The Picturemakers, Y Llunwyr, is a self-funded collective of visual artists based in mid-Wales.
Since its foundation in 2006, the group has held over forty exhibitions, mostly within Wales.
Autumn exhibition: 'Boundaries'
Picturemakers exhibit regularly, separately and together, in galleries, art centres and other public venues; however, the focus extends beyond this. Regular group meetings provide an opportunity for the discussion of artwork where ideas, techniques and approaches are developed and criticised in a mutually supportive environment. Some of these have taken place via Zoom over the last few years.
We hope that you will enjoy browsing the selection of work presented here (one image per artist) and will also take the opportunity to visit our website, where you will find more information and links to individual artists' web pages/sites.
Individual members can be contacted and may be able to show visitors their studios by special request.
Information about Group members
Click on each artist's name to see more of their work
Jane Burnham is a contemporary artist living part of the year in Aberystwyth and several months a year (Covid and Brexit permitting) in Provence in the South of France, a landscape full of light and sunshine. Her primary interest is in portrait and figure painting. She aims to express honestly the thoughts and feelings of the sitter, concentrating on composition, draughtsmanship, close observation and subtle use of colour. This year it has been difficult to have live models posing for her, so she has been working from online portrait and life drawing sessions.
“I am inspired by the beauty of the human figure, and by everyday objects around me”
Lindsay Davies was born in Altrincham, Cheshire. She has lived in Mid Wales since 1996, working at painting on a regular basis since 2015. Walking daily with dogs and a sketchbook keeps my “artist eyes” open to light, weather and landscape. The landscape of the Wye Valley and Mid Wales is a constant source of inspiration.
‘The process of ‘translation’ from sketch to painting is one that interests me. It is often very elusive and the images change as I move to further abstraction. The final picture, in a larger format and different medium, is the result of progressive attempts to capture a sense of the weather, light and mood of a place.’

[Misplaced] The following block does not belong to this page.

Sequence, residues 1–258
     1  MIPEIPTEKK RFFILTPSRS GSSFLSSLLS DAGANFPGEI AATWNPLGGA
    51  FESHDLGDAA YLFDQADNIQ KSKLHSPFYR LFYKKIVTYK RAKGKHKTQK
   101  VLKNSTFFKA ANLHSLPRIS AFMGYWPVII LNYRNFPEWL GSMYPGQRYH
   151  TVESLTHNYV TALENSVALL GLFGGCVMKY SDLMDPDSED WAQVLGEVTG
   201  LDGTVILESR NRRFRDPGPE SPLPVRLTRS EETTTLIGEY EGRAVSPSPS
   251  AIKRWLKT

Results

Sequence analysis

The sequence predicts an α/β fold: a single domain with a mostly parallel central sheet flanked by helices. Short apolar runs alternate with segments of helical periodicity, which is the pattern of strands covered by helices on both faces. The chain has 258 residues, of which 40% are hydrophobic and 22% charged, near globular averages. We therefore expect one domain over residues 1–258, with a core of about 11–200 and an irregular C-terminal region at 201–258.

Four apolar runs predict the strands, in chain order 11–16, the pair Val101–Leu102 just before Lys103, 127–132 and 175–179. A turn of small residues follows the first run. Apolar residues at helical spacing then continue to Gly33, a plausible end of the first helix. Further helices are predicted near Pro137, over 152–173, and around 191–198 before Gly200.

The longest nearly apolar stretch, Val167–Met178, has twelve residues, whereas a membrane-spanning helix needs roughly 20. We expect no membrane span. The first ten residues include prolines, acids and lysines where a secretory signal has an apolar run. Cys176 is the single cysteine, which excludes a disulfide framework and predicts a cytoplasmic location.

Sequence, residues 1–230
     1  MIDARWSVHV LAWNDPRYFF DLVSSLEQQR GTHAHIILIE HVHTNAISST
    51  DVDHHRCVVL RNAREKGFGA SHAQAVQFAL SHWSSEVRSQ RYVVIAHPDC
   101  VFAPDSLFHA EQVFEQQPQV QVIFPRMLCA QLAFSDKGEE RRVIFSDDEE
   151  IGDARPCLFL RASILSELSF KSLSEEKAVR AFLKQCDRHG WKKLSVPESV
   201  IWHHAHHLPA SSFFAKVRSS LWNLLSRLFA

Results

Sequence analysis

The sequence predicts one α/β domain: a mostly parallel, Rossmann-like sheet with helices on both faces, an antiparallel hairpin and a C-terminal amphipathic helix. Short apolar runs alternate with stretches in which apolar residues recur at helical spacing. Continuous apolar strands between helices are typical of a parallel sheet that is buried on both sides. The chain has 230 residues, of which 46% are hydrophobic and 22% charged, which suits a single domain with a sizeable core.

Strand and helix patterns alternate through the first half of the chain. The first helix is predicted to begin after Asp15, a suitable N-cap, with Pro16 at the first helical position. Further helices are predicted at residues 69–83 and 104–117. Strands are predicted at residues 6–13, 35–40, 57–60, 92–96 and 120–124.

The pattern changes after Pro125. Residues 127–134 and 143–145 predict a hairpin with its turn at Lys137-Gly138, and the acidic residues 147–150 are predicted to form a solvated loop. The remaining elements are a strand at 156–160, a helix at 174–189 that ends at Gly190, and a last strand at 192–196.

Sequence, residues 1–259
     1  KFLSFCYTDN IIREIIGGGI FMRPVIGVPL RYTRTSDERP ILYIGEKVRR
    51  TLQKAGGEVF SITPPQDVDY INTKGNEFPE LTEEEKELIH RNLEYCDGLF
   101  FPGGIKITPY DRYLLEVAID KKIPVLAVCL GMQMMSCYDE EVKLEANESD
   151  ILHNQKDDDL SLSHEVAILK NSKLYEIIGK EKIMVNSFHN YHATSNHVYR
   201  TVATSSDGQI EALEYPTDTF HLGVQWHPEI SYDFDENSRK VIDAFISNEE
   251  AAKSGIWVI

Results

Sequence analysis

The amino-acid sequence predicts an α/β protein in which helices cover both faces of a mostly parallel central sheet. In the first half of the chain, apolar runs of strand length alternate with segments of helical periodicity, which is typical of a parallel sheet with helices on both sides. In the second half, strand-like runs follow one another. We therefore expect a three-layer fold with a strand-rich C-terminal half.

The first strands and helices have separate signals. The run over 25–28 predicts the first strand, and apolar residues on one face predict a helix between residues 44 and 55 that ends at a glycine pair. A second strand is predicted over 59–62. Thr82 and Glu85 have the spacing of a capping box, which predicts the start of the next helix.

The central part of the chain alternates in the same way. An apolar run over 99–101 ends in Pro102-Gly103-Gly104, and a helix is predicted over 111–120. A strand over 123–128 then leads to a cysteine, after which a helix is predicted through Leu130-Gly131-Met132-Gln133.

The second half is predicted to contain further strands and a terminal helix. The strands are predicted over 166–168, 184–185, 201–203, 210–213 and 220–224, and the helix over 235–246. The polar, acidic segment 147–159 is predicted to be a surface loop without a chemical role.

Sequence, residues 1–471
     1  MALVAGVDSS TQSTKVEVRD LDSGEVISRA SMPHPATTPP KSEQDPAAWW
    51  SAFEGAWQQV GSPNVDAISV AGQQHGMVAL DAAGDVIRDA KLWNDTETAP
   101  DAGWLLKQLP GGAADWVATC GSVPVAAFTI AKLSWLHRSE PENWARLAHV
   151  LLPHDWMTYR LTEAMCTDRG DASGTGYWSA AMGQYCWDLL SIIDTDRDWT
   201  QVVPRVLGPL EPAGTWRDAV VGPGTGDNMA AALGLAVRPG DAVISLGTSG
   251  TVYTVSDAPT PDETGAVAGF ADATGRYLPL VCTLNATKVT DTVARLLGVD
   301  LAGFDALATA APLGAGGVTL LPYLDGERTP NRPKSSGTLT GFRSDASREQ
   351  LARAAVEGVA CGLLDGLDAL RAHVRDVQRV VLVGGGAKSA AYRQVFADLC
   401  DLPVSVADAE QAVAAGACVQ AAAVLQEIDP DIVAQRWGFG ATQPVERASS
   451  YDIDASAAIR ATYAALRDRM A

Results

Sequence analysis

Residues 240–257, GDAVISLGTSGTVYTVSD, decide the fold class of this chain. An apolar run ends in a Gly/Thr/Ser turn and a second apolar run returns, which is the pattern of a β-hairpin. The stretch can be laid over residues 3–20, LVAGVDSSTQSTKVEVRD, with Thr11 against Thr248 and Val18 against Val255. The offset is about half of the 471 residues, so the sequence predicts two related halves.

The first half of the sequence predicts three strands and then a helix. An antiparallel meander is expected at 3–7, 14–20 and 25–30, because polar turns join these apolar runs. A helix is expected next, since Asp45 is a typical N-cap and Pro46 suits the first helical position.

Rosemary Fahimi left school at 16 to work with horses and emigrated to Canada at 19. She returned to the UK in 1988 to run a hill farm and later to study at Aberystwyth University; initially a BA and subsequently an MA in fine art. She now finds that working both as a farmer and as an artist gives her a uniquely holistic view of the countryside, its animals and its people. She uses the subjects that are all around her and that she is part of, allowing her to give them life on canvas, wood engravings, or in sculpture.
‘Art has always been with me; sketching the animals and learning the ways of wild things wherever I have been.’
Philip Huckin draws and paints the Welsh landscape. He was awarded a scholarship by his old university, Aberystwyth and completed an MA in 2012. He has had shows in galleries in England and Wales and has work in private and Welsh national collections, including MOMA Machynlleth and The National Library of Wales.
‘I have a desire to capture the Welsh landscape and the names and deep cultural history that pervades the valleys, hills, villages, and man-made structures in Ceredigion.'
Kim James-Williams draws anything that catches her eye: boats, waves, dog-walkers, pram-pushers, sea frets and fishermen’s nets. Her drawings are about seeing the sublime in the everyday. When she draws, she tries to see with ‘new eyes’ things that may have been drawn and looked at many times before. She likes the ink or watercolour to be defeated by gravity and remind us that it is ink scratched into wood pulp at the same time as being a drawing of something. Kim studied art at Carmarthen College of Technology and Art (Foundation), BA Fine Art (Hons) at Winchester School of Art and MA Fine Art at the University of Wales, Aberystwyth School of Art.
' I try to draw the essence of the subject, the bare bones, the exact thing that made me excited enough to choose that particular thing.'
Mike Laxton was born in Kent. He followed a career teaching Design in Secondary, Further and Higher Education. Though by training he has worked mainly with construction materials and related technology, he has always envied the freedom of expression that painting seems to have. He moved to Wales in 2007 and, following a course at the Art Centre in Aberystwyth, he has begun the journey to find a personal use of medium and image. Mike has exhibited at Aberystwyth Art Centre, MOMA in Machynlleth and as a gallery artist at Plas Glyn-y-Weddw Llanbedrog.
'I am enthralled and intrigued by the environment in Mid Wales and hope that my paintings both explore the drama and excitement that I feel; but also leave room for the spectator to add their own interpretation and meaning.'